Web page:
If you are making less than you earn you have three options: increase your income, decrease your spending, or do a combination of the two. Living beyond your means, and financing it with a credit card, is a strategy that will get you further and further behind.

The authors study found that even those who are considered convenience users splurge occasionally and will carry a balance for a time, but overall the research shows that those who leave beyond their means are more likely to be revolving users.

4.      And finally, a note on education. The authors hypothesize that household heads with higher levels of education are more likely to be convenience users of credit cards. Their hypothesis is supported – those with a college education are more likely to be convenience users when compared to those who have a high school education, or even to those who have some college (this may be partially because students tend to use credit cards while in school to pay for books, food, etc. – further research in this area would be interesting to see if these students see themselves as convenience users or revolving users, how soon they plan to pay off their balances, etc).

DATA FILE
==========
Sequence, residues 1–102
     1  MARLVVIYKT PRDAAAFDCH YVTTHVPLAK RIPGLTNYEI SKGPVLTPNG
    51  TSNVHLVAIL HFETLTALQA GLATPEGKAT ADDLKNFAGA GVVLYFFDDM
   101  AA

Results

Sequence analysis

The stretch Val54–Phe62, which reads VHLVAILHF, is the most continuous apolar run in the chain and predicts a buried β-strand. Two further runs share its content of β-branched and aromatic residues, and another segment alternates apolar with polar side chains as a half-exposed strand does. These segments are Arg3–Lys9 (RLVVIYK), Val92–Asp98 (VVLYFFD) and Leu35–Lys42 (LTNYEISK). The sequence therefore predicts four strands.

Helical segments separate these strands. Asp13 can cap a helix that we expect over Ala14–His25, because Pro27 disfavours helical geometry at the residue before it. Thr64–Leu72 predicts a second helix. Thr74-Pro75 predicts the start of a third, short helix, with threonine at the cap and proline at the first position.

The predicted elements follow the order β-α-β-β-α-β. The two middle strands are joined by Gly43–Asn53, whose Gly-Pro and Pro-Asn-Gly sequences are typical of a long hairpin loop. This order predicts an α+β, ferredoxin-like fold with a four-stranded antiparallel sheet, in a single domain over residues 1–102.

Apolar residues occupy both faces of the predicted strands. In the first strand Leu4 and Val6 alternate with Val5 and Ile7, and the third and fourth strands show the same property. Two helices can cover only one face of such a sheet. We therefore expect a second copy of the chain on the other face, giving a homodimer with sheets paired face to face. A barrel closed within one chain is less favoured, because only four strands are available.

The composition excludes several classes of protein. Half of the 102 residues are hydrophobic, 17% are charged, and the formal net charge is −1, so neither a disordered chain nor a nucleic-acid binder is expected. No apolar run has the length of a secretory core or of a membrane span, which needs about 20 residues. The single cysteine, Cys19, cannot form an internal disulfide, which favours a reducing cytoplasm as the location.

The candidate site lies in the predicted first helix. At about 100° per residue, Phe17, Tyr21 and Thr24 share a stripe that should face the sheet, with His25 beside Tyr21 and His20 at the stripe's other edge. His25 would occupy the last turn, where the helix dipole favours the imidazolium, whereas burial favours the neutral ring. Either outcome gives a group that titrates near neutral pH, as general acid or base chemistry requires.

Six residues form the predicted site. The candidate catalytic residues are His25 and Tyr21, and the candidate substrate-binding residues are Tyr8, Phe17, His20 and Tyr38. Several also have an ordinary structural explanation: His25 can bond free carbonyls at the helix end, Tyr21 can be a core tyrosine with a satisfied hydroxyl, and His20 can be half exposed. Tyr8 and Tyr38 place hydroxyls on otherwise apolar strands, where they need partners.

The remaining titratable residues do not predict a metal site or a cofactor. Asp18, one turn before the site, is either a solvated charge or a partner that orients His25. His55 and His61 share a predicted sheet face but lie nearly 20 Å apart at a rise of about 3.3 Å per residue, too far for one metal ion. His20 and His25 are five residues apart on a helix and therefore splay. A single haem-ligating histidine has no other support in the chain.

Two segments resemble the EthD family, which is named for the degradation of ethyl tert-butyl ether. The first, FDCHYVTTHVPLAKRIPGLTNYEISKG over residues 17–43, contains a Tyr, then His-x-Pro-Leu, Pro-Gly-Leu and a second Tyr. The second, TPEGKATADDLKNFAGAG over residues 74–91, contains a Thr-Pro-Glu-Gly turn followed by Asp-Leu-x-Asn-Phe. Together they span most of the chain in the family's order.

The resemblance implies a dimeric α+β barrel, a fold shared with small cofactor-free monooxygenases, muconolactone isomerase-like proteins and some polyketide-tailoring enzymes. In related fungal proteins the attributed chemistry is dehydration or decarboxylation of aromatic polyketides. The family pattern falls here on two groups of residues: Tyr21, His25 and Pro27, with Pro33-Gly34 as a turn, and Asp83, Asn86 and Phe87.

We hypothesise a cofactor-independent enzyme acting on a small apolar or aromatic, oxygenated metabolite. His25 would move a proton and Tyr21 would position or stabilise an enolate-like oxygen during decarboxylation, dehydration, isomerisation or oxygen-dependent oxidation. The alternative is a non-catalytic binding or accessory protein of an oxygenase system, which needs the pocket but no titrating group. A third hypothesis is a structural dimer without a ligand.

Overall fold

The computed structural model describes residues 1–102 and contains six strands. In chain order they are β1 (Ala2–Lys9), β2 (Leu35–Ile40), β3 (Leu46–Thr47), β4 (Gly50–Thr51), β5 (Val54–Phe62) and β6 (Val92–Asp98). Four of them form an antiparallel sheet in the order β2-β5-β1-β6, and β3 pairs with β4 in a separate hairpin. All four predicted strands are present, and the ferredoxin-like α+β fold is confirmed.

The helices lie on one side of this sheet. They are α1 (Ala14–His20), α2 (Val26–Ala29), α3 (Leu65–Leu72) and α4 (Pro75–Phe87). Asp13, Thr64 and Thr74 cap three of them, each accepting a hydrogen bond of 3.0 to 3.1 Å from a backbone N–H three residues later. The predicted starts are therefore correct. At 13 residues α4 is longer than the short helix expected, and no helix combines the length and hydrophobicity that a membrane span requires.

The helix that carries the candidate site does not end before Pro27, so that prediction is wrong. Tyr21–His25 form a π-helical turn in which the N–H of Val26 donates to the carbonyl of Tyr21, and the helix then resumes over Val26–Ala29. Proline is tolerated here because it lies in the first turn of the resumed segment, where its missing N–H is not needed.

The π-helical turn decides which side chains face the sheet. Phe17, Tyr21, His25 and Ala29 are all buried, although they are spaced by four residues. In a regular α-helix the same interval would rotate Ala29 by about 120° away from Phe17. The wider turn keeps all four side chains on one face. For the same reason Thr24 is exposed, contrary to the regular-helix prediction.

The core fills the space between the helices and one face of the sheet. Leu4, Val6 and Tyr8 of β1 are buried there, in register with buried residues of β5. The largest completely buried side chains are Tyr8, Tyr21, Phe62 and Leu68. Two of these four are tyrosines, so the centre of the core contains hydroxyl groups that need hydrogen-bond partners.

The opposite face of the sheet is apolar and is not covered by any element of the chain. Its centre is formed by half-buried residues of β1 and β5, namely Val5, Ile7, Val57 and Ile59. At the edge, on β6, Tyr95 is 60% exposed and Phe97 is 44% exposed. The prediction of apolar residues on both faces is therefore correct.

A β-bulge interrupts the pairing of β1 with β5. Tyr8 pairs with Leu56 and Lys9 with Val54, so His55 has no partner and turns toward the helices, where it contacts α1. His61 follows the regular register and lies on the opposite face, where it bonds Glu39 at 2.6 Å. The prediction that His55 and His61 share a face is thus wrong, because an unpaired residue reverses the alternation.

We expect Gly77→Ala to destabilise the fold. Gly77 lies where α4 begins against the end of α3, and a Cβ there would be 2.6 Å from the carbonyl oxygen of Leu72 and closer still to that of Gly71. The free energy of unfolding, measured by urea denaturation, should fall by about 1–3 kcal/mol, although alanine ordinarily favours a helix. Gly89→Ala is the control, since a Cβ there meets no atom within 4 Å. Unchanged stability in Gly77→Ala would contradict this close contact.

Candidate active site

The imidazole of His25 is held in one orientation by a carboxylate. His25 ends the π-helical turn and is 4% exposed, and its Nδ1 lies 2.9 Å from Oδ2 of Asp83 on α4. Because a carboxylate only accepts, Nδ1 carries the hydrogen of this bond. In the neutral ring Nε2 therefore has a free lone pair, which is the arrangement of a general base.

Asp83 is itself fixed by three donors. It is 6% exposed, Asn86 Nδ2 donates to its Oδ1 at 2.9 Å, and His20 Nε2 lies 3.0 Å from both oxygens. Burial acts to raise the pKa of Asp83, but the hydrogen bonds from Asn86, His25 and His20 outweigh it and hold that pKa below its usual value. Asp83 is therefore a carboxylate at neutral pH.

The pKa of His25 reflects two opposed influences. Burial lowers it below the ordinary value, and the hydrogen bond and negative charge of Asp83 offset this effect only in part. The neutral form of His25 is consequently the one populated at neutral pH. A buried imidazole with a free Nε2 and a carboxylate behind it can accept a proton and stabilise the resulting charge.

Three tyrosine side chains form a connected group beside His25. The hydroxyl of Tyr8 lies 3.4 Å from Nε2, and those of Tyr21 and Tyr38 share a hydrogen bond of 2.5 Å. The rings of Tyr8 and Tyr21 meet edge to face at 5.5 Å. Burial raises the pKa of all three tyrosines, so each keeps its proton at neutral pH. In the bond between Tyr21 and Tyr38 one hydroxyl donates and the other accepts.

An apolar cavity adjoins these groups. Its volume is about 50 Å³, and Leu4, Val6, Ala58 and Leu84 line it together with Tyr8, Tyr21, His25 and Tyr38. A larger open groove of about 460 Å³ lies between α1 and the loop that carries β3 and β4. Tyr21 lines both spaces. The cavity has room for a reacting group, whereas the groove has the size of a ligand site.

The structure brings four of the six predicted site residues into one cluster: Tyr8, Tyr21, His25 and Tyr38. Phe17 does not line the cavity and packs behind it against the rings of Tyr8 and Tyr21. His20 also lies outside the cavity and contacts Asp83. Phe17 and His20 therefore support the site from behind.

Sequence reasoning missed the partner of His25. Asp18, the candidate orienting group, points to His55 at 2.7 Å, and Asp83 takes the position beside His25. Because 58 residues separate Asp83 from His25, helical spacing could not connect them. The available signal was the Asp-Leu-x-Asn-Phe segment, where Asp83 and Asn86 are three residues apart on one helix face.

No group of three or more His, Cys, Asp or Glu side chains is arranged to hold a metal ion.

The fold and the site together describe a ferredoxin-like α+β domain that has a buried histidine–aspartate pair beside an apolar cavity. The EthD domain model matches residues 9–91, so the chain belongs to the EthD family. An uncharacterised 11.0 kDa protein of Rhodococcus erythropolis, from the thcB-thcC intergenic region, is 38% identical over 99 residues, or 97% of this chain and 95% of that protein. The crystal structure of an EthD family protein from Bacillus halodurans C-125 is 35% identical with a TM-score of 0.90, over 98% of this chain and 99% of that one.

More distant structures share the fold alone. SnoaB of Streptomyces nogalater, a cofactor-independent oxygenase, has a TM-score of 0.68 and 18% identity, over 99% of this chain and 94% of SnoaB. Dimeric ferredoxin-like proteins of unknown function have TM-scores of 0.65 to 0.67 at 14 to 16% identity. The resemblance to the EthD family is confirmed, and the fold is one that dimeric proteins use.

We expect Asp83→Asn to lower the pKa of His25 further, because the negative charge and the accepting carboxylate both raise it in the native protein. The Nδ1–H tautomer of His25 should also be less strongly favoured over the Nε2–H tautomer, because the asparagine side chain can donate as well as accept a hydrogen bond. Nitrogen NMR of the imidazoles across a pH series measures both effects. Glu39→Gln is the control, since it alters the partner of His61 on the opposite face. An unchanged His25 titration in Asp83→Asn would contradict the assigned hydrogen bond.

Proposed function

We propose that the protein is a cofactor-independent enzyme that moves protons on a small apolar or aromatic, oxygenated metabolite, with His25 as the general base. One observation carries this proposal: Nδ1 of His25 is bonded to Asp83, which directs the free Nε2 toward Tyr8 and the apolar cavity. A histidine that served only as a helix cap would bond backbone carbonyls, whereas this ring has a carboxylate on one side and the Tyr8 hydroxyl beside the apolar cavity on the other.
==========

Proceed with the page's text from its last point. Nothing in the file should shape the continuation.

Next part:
We have asserted, and will continue to assert, that education is one of the best investments you can make. This study supports our theory again.

I have only taken the space to discuss four of the author’s hypothesis. There are ten total and I would encourage you to read the article if you would like to learn more about this topic.


Correction from 6/24/11 Financial Tip: I stated that Minot was in South Dakota, but Minot is actually in North Dakota.


Ryan H. Law, M.S., AFC

Department of Personal Financial Planning

Office for Financial Success Director

University of Missouri Center on Economic Education Director


239E Stanley Hall

University of Missouri

Columbia, MO 65211


573.882.9211 (office)

573.884.8389 (fax)